by Daniel A. Roberts
What turns a reader into a writer?
We must understand that all writers are, and will always be, a reader first. It’s the primary ingredient, as we chose at one point in our lives to be a writer. For those who juggle words through the smithy of the human imagination, to produce a set of words that creates new worlds, along with the beings who populate them, that first flash of insight comes in different variations.
For some, they want a better ending. They can visualize it. Another writer might want to create a new niche for their point of view. Yet another may want to dazzle a genre in a manner never before seen, with the hopes of sparking a new trend. Inside all of these situations, these people have formed their opinions and gleaned their facts from reading.
There is that rare individual who will create a novel because it’s something they would want to read for themselves, as nobody has ever written that kind of book before.
The main question, however, hasn’t been truly answered yet. I’ve addressed the influences, but the actual grain of change is a different matter entirely. What turns a reader into a writer? It’s a combination of several factors. Like some recipe for baking. There are many ways to bake different kinds of cookies, but the method of mixing and cooking remains mostly unchanged.
First ingredient is courage. It takes pure courage to put something you’ve written before the eyes of another human being. Hearing your creation dressed down by a critic, no matter how friendly or helpful, can be raw on the nerves. The vision is tarnished. The words no longer glow on the page. Your mind has a new, dark cloud that now doubts your own talent for writing. Overcoming that level is a matter of introspection, as the courage needs to be generated by the writer.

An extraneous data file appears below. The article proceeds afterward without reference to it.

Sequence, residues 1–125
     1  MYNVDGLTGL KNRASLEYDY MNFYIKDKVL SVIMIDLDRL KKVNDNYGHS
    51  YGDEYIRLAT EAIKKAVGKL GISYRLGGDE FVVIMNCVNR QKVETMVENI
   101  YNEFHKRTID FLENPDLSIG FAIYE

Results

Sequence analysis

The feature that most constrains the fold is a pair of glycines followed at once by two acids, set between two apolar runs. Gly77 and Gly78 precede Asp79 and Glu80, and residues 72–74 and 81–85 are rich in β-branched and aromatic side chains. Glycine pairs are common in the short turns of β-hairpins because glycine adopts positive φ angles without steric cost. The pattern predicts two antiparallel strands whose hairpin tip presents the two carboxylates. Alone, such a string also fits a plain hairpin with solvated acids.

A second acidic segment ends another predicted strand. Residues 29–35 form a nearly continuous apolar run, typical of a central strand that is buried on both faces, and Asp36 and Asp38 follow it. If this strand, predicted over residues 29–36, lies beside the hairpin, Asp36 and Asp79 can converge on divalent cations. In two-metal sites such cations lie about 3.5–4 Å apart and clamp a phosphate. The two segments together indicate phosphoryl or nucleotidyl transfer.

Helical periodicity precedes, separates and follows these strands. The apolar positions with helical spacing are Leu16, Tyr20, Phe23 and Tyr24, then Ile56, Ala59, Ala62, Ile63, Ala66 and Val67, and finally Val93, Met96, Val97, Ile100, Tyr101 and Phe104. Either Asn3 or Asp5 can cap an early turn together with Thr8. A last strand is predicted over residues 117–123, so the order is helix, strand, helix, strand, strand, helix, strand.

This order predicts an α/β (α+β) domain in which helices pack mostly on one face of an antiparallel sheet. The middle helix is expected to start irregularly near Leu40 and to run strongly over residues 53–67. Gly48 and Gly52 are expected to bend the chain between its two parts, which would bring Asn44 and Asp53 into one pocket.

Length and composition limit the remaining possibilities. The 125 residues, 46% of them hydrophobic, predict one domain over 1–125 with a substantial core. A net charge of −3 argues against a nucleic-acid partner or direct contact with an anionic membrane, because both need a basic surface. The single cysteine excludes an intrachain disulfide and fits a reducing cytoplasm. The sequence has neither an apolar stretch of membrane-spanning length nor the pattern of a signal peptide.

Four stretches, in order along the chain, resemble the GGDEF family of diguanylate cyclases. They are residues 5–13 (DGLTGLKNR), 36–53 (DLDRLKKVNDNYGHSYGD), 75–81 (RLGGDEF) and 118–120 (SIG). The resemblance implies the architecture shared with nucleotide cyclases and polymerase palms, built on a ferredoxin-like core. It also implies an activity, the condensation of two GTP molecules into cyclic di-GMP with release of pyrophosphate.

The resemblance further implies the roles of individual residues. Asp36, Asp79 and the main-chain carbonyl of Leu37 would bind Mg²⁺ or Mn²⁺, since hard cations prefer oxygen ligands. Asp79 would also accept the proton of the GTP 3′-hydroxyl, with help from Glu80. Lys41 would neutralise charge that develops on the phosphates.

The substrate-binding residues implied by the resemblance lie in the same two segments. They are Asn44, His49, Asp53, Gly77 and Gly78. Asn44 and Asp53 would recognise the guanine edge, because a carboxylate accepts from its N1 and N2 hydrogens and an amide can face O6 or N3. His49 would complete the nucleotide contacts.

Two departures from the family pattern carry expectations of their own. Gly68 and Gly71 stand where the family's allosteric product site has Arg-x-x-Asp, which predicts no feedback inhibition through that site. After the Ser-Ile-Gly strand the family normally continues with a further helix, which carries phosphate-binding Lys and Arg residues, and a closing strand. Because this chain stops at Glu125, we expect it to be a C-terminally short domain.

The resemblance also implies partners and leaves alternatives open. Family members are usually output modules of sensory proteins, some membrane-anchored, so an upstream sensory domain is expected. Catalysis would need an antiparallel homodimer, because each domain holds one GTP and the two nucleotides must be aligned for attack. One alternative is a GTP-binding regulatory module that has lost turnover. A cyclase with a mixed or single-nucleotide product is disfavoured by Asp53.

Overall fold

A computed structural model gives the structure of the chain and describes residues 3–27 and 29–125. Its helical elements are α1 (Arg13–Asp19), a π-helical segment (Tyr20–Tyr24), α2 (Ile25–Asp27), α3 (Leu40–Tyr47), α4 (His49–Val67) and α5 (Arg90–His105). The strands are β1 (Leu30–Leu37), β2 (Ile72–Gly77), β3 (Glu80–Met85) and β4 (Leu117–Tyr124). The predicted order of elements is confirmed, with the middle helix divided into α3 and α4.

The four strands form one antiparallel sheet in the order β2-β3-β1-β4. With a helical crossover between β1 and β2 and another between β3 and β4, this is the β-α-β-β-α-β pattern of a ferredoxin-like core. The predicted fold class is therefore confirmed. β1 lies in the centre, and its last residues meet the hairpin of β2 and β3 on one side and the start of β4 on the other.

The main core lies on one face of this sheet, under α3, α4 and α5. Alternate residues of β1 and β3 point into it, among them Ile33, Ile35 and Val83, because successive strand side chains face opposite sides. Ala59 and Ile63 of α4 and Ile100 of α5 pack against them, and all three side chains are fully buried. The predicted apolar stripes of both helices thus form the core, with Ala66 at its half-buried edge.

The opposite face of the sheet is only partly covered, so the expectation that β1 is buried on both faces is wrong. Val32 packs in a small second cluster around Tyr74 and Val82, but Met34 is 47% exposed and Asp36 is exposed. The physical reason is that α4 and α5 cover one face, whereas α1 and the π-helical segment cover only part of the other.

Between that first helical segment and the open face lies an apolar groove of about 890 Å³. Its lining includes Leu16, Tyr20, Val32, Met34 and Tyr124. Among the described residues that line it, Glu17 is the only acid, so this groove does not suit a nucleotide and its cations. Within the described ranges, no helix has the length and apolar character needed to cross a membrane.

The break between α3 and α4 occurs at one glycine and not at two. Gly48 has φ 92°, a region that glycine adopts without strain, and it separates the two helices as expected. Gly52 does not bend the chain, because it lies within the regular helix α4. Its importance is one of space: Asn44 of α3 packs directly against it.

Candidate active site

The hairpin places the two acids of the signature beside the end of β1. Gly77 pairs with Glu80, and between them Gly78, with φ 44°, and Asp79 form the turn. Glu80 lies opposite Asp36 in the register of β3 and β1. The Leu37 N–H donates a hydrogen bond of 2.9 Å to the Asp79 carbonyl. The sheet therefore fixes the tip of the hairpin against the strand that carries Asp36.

Second ingredient is boldness. A writer must be bold enough to assemble ideas in a manner that leads another human being down a predestined path. If the writing itself is fractured, the style comes out feeling lost, there is no boldness, no directive that leads a reader in the direction the writer hopes for. One must be bold. One must lead as such, or the novel won’t come out right.
Third ingredient is imagination. A writer must possess an imagination to create, or they run the risk of assembling a novel filled with words from other writers. As such, they can doom their own careers, so they must come up with their own style. Their own worlds. Their own unique voice, as they master their stories for the enjoyment of other readers.
The final ingredient is love. No, this isn’t some cheesy way to get girls to follow me on Facebook. Love is something a writer must have when they are creating their novels. They have to love writing, they have to love their genre, they must love their characters, or all is lost from the beginning. Writers love to write, because they fell in love with reading first. Pay close attention to this, because like any kind of love, writers can fall out of love with their work. When that happens, their fans know it, and it shows in future novels.
There are other ingredients, like there are for cookies. The basic recipe is always there, but when we add what is unique from our personalities, we change the flavors of those well-written cookies we call novels, and the more variety we have, the better it is for the multitudes of readers who want to sample that tasty novel all for themselves.
Guest post contributed by Daniel A. Roberts. Daniel has written several short stories, most of them free, in between the various novels he has written. Check out his website for more of his work.
Novels are wonderful to read, and to write. I have written some novels, but they are not fully, published. I have let them set for a while. Then I will re-read them, and see if I left anything out, and if the novel holds me until I finish it.
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Reblogged this on Kim's Musings.
I definitely am a reader turned writer. My writing is heavily influenced by the things that I have read, and it born primarily out of a deep love for the fantasy genre, and secondly out of the imagination that the novels inspired in me. I would argue that for most writers these are the top two ingredients. Courage and boldness are the traits that distinguish writers who publish their work and those who don’t. But no matter how courageous or bold you are, you won’t write without imagination or passion.
I really love this! I just wrote something that seemed like an act of courage, and it tested me. Sometimes, it was a stumble and tumble of words but I went with it and got it done. It was scary but in the end it felt good to have attempted it. What you’ve written here, really resonated. Thank you!
Nice writing, but I don’t know if I agree with the path you mapped out.
Hi! I’m a very young amateur writer and I’d love it if you checked out my blog! The URL address is wlymi.home.blog. 🙂